After all the busy-ness of present buying and wrapping and trifle making and two full days of celebrations, suddenly there were no more commitments or things to do. New Years’ Eve passed rather quietly in our house, and I wrote about the deep sense of unease I was feeling with no defined purpose or to-do list here.
To break out the funk both Sol and I were feeling, we organised a very last minute holiday to the south coast of NSW. It was full of uncomfortable feelings and some family tensions, but also of some awesome fun in the surf, some gorgeous nature scenes, kangaroos by the side of the road and a fantastic outdoor bath. All in all, a pretty normal holiday I think.
It did the trick….we returned revitalised and I easily slipped into a lovely summer holiday vibe….spending lots of time swimming with the children in various locations, but also getting some decluttering done at home. All of a sudden I didn’t want it to end….the soccer competition we all enjoyed watching on TV, not worrying about bedtimes so much, and that lovely feeling of harmony in the family when the pressure is off.
But time continued its inevitable march and a new school year arrived. Zara began fulltime school and now there are four lunchboxes to fill each morning, four bodies to nudge into bed as early as practical, and lots of sports bags to pack and slippers and pencils to buy.
I must admit, as much as I sighed with relief on the first day to have a few hours at home (almost) alone, that this year the return to routine has been hard. As our boys grow older it feels more and more important to support their after school activity choices, as they slowly discover their interests and passions. But of course this makes life busy after school as well as before.
In my usual style, I have charged full steam ahead with my own plans, running three weekly craft groups (pics to come soon!), and one playgroup day. It doesn’t sound like much but once preparation time is added, on top of the usual household things, it makes for a busy life. I like busy, I thrive on busy, but there can be a fine line between healthy busy an overwhelming. And as always. I am treading that fine line, sometimes crossing over into the overwhelm, sometimes managing everything like a champ and feeling on top of the world.
So as I ease into the school term, I learn to manage it better each week. My focus now is on my eldest two boys cooking one meal a week, and packing their own bags and lunches. Small things, yes, but just one more step towards independence for them, and a bit less for me to be responsible for. And now….some pics from our whirlwind summer holidays.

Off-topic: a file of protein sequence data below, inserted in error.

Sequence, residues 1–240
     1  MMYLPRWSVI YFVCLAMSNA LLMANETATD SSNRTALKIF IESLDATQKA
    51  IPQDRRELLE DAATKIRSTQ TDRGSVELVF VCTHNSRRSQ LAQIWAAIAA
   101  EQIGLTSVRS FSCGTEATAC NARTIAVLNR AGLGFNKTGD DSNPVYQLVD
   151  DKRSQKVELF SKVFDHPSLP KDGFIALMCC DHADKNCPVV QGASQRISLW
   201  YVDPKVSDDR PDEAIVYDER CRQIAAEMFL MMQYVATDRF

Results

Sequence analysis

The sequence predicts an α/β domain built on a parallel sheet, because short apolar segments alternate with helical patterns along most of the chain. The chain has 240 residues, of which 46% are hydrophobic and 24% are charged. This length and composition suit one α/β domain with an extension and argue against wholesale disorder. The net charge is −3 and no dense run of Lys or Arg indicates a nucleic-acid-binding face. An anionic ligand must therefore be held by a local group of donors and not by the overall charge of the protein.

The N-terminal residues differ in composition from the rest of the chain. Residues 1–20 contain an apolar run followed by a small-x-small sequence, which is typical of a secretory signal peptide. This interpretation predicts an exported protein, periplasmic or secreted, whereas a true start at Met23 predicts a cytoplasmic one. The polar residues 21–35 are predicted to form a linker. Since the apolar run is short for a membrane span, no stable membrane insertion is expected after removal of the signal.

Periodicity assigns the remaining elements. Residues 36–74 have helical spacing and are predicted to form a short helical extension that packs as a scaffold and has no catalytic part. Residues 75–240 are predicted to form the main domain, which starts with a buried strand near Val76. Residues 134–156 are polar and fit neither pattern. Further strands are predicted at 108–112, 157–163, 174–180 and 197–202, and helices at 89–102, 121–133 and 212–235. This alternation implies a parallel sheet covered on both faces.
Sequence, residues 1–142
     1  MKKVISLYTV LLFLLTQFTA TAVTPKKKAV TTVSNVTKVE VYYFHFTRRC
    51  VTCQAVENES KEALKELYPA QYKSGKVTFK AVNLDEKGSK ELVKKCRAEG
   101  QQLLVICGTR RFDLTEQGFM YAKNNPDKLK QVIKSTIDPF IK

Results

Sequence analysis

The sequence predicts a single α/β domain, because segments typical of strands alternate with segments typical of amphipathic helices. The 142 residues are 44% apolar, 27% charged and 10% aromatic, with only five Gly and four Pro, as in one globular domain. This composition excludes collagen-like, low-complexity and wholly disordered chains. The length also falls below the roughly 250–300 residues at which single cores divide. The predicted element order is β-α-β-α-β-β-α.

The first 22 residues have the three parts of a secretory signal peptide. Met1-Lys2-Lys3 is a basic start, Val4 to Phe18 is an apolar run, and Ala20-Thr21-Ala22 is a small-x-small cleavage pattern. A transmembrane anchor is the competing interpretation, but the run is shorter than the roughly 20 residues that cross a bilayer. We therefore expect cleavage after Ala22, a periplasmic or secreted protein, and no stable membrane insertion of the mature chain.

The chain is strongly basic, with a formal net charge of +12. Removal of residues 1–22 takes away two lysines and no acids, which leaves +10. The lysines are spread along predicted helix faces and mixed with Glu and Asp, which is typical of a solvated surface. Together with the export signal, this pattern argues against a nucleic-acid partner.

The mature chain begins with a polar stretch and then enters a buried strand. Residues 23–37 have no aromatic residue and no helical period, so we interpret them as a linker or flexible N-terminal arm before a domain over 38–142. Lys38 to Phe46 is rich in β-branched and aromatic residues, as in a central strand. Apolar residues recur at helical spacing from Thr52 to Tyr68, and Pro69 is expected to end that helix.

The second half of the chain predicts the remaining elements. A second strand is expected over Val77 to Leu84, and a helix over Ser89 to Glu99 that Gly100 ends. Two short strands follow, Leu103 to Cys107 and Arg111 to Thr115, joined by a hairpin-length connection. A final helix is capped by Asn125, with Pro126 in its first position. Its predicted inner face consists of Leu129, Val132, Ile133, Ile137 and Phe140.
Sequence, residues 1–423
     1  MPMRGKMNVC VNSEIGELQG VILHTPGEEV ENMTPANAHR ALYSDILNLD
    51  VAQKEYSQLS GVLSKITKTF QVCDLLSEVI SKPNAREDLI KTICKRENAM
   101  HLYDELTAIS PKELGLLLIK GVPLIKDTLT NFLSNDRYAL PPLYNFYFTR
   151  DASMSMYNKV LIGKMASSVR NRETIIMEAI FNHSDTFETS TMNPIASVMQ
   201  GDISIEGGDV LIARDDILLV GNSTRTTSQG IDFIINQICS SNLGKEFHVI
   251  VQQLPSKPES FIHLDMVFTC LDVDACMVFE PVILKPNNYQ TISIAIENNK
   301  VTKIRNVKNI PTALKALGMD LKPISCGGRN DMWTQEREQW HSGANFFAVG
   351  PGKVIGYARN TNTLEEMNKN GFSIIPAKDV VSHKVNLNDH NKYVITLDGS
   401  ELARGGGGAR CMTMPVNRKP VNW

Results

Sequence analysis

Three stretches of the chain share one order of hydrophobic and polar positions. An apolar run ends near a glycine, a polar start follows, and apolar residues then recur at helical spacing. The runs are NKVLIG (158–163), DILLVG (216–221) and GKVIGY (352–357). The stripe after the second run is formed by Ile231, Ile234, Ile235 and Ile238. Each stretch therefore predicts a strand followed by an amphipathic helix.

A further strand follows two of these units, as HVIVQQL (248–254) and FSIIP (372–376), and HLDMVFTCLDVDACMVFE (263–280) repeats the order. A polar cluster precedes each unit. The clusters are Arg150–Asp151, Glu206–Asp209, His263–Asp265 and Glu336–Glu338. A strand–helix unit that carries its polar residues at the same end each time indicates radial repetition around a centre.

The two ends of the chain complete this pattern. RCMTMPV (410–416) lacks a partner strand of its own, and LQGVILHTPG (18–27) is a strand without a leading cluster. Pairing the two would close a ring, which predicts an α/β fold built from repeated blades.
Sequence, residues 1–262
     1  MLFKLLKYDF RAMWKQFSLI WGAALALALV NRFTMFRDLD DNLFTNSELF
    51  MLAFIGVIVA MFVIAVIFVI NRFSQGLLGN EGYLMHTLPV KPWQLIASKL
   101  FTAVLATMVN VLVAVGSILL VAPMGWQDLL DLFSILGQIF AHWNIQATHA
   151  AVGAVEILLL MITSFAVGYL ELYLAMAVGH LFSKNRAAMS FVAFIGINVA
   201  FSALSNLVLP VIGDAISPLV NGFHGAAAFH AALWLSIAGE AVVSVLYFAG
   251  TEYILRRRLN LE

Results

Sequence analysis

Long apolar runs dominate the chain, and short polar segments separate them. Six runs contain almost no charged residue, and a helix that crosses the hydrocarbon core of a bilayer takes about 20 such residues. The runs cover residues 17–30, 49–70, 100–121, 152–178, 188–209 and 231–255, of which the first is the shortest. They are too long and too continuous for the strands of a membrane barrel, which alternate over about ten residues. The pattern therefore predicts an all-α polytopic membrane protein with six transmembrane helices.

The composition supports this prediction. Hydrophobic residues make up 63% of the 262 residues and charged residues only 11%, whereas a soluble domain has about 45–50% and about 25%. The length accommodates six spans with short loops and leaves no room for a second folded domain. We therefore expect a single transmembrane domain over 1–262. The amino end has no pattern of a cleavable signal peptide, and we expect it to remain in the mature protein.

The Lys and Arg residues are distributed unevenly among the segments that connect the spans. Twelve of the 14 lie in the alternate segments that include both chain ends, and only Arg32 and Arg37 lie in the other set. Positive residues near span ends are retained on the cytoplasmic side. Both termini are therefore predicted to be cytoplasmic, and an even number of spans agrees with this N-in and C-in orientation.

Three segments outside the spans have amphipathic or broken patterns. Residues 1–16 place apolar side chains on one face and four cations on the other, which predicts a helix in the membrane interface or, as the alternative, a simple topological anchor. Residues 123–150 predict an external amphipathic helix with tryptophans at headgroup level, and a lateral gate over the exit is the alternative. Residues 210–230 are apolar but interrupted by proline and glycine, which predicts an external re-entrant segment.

September 30, 2014 § Leave a comment
Last week I read this piece on the conflict between wanting more children but feeling the time has passed. The sentiments have remained on my mind since then, and I feel compelled to write my own version, specific to my own set of circumstances.
I remember myself as a child, fantasizing that instead of just one brother and sister, I had three of each! I loved the hustle and bustle and the sense of camaraderie I observed in larger families in my community. I remember one particular family we were close to, with six children. We used to go on regular holidays with this family: days of canoeing down the Kangaroo River, lots of bushwalking in the Blue Mountains, and a trip to Cairns and the Great Barrier Reef that I was invited to along with one of their sons. I revered the can-do attitude of the parents, and the tight knit unit of their family.
I have always been a little bit all-or-nothing. I wanted no children, or lots! As a young woman, it was no children. Then I met my husband and rather quickly we were pregnant, and a whole new future opened up for me – a future that involved lots of children, a bustling house and that adventurous spirit I fell in love with as a child.
I love being pregnant. I love giving birth. I love nurturing babies and young children. Beneath the worry, I love the unchartered territories my eldest is dragging us into as he strides through his teenage years. And I do now have a large family, with five wonderful, individual children. We have had lots of adventures, though as number four and five have come along those adventures have changed, have become less carefree.
I know in my head that five is enough. Our house is full, our hands are full, our days are full. Meeting everyone’s needs in the family often feels impossible, despite the numerous gifts and positives that many siblings bring. We chose an independent school for these special souls, and that often pushes us to our limits financially. We began our family before we had established careers, and both Sol and I would like to catch up in this area, and even to get ahead. It is insanely hard trying to transition careers with so many dependents, and so many time demands. And then there is the whole population debate – I sense it is becoming less and less socially acceptable or responsible to create large families, in a world that many see as already over-populated.
Now our youngest is two, and we are moving out of the ‘baby stages’. Life has begun to get a little easier for us all. I tell myself that after fifteen years of pregnancies and births and breastfeeding and babies, that it is OK to move on to the next stage of life. Now my personal goals can enter the frame. This is both thrilling and terrifying. I have never had a career. My goals center around a business based on myself and my creative skills, and I am out of my depth even thinking about the possibilities of these goals becoming realities. Motherhood and more babies have now become the safe choice: choosing to leave those days behind and push myself into new areas is the adventure.
My midwife used to tell me that in her experience, a woman ‘just knows’ when she is done. I’ve yet to have that knowing. As I finish breastfeeding my youngest child, a void opens up in my body. There is space there, in my heart and in my womb, for one more. It is not rational, or sensible, or logical.
But it is insistent, like the constant beating of my heart. It is there.